Our understanding of the role that perceptual processes have played in the evolution of animal signals can be attributed largely to the development of efficient methods for quantifying signal structure. However, when suitable methods are lacking our knowledge is much more superficial. This is particularly true in the case of dynamic visual signals such as threat displays. Traditional ethological techniques are inadequate for describing complex movement sequences. We introduce a new approach for quantifying the structure of such signals. This involves calculation of optic flow fields to provide estimates of the direction and speed of motion (velocity), which can be used to identify the spatial location and characteristics of movement. Artificial sensory units tuned to particular velocities then provide a summary output suitable for statistical analysis. To illustrate the application of this approach, we examine the aggressive display of the Jacky lizard (Amphibolurus murcatus) and demonstrate that the introductory tail flick is conspicuous againstt the background of wind-blown vegetation against which it must be perceived by conspecifics.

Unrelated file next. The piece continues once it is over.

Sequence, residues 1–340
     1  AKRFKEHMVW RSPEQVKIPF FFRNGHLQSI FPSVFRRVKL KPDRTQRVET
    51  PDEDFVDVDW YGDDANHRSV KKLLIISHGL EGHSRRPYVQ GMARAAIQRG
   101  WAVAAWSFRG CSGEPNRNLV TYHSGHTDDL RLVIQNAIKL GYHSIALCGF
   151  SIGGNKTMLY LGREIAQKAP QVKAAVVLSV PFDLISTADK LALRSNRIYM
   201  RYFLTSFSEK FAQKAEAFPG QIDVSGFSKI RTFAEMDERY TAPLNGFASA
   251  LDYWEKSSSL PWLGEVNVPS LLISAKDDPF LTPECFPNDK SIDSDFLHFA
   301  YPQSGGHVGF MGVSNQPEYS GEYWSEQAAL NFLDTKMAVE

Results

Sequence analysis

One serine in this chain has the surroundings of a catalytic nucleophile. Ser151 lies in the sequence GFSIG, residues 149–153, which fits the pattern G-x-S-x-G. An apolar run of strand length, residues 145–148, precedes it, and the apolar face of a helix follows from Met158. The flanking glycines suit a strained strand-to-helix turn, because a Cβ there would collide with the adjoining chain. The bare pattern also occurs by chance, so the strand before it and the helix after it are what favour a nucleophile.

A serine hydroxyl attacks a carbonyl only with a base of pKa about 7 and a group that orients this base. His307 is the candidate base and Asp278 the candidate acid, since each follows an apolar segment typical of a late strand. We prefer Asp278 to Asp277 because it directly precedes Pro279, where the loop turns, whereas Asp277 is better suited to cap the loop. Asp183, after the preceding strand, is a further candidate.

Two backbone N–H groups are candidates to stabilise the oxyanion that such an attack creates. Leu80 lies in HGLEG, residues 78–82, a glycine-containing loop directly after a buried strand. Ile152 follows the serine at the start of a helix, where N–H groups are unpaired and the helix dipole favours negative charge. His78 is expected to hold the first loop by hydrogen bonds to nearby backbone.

|Number of pages||1|
|Publication status||Published - 2001|
|Event||28th Annual Conference of the Australasian Society for the Study of Animal Behaviour - University of Queensland, Brisbane, Australia|
Duration: 19 Apr 2001 → 21 Apr 2001
|Conference||28th Annual Conference of the Australasian Society for the Study of Animal Behaviour|
|Period||19/04/01 → 21/04/01|